With engines rated from 30-50hp, the Suzuki 50 4-stroke was always going to impress with its easy performance on the Horizon’s 350kg hull. Whisper quite at idle the Suzuki never seemed to make much noise at all, tucked down below the Horizon’s transom as it was, but it certainly made its presence felt once the forward control unit was moved.
Easy, seamless power seemed to be the forte of the Suzuki 50, which planed the craft at 16km/h and at 2800rpm, while 3000rpm saw 25.2km/h on the Humminbird 788d. More throttle saw a rapid transition to 4000rpm and 32.8km/h, while 5000rpm recorded 41.6km/h, with WOT of 6000rpm seeing a brisk 53.5km/h. While top speeds are always fun at the time a sensible cruising speed, to my way of thinking, was an easy 30km/h at just under 4000rpm with fuel usage being very frugal, engine intrusion being absolutely minimal.
The 438 Stryker impressed me with its ride. We did quite a few test runs down towards the Tweed River bar and the craft handled the incoming swells with ease. By backing off a little, accelerating when necessary the Horizon’s Hydro Lift hull – with its variable deadrise and quite large wet area pressings as well as a reversed outer chine – rode very surely and with great confidence.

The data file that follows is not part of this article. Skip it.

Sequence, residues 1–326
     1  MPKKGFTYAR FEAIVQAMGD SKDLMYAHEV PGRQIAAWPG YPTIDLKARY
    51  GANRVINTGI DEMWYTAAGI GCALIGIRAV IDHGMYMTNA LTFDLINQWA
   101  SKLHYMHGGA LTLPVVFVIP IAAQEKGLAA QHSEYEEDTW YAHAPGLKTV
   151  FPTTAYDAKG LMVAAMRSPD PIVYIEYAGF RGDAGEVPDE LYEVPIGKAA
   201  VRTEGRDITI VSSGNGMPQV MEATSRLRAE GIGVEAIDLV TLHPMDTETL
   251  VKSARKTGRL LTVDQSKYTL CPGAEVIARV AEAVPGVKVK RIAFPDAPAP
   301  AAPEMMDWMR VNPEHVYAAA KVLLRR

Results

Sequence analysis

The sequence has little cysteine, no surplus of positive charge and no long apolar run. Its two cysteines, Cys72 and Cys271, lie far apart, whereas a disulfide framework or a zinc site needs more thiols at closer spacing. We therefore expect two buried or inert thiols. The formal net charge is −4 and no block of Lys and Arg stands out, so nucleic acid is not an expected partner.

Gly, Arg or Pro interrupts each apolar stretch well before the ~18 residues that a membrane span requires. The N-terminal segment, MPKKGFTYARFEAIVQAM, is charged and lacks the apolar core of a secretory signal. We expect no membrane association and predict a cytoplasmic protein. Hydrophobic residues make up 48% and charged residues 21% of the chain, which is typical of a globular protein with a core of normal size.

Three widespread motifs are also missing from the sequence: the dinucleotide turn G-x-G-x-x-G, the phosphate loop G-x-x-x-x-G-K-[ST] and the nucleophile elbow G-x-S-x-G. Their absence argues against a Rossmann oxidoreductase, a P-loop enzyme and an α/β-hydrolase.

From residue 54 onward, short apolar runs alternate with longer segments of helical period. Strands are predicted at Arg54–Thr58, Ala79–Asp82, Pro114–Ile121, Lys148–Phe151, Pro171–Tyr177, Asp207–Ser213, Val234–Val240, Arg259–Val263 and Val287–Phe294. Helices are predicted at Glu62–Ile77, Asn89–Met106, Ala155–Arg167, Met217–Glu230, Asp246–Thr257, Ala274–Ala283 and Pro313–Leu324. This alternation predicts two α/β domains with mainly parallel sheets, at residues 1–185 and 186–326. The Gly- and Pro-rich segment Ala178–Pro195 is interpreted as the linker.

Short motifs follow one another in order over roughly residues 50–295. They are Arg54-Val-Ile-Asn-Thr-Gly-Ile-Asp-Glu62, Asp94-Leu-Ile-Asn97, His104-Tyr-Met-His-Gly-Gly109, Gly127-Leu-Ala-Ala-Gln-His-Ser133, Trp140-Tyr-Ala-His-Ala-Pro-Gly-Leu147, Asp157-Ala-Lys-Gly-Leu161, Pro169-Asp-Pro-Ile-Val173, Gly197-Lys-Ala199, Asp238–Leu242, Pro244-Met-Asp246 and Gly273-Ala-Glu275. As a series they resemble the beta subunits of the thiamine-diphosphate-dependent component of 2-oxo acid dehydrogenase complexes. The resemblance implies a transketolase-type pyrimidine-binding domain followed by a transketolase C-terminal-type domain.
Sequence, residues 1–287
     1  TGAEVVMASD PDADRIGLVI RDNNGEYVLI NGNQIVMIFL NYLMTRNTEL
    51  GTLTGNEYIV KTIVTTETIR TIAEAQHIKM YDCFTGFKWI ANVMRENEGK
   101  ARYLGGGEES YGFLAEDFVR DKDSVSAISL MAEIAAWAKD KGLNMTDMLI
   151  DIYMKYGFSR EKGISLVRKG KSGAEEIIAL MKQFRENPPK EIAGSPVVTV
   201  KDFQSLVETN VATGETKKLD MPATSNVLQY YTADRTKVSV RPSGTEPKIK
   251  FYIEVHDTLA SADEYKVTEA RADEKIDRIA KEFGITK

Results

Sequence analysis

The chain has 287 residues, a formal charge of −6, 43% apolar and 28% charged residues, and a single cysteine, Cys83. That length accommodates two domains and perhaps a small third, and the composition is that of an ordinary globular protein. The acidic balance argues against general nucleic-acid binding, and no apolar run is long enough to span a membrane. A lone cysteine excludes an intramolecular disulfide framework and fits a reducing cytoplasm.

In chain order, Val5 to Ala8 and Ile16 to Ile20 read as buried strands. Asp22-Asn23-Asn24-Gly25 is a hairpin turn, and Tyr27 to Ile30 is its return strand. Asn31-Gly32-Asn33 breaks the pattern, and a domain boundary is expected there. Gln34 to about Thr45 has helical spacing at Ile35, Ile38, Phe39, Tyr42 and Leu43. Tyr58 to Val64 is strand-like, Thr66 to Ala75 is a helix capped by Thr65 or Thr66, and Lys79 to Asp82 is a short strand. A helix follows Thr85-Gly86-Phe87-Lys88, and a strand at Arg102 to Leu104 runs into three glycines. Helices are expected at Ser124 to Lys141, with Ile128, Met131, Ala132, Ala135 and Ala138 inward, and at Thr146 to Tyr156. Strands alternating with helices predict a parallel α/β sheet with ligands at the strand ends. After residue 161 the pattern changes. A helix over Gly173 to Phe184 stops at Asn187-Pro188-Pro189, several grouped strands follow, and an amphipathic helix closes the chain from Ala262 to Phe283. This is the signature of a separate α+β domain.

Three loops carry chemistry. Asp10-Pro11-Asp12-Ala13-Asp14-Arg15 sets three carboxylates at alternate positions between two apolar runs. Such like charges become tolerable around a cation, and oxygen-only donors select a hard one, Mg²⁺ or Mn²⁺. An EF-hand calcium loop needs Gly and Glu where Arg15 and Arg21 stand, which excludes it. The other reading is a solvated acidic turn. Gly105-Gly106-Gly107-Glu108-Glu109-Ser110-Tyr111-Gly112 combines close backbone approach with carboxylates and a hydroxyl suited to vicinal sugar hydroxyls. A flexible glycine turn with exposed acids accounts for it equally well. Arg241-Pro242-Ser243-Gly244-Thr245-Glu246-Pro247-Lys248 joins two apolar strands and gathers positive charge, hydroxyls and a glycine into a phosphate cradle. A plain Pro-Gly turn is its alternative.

It was also dry too, as pushing hard onto wave action saw very little displaced water likely to affect occupants; most being pushed well away at the stern area of the hull. Moving away from the sudsy stuff and back up river we had the chance to do some fancy circle work to test out the efficiency of the hull’s design, which I’ll candidly admit impressed me with its very smart turning ability, plus quick recovery from same. No doubt the craft’s large keel contributed greatly in this regard while the extremely light steering made driving a very easy matter.
Stability at rest was also a strong point of the Stryker and two of us moving about made little difference to level attitude: a feature that family boaters will appreciate.
Horizon are certainly on a winner with their Stryker series of craft. The reviewed 438 featured 1.1m high sides, which gave it plenty of sea keeping ability while a very large work area ensured that those aboard (up to five) should be able to enjoy their time aboard. I’d see a family with a couple of youngsters enjoying bay or estuary fishing with ease and safety thanks to generous interior freeboard of around 750mm while more dedicated types could see three people, perhaps up to four in suitable conditions, wetting a line. The excellent and dry ride, very easy handling and stability are important for the rig with its useful fishing features.
Overall presentation was very good with a neat standard of welding and a well-applied paint job with contrasting strips completing the package. With a starting price of just $16,990 and the reviewed rig coming home for just $20,490 on a single axle trailer, this is truly a value for money craft quite suited to a complete beginner or old hand alike. For the location of your nearest Horizon Boats dealer, contact Horizon Aluminium Boats by telephone on (07) 5598 1033 or at www.horizonboats.com.au or email to --e-mail address hidden--
|Length on trailer||5.3m|
|Height on trailer||1.95m|
|Construction||3mm sheet sides and bottom|
|Fuel||tote tank 25L|
|Engines||30 to 50hp|
|Engine fitted||Suzuki 50 four stroke|
|Towing||Family sedan, ute or 4x4|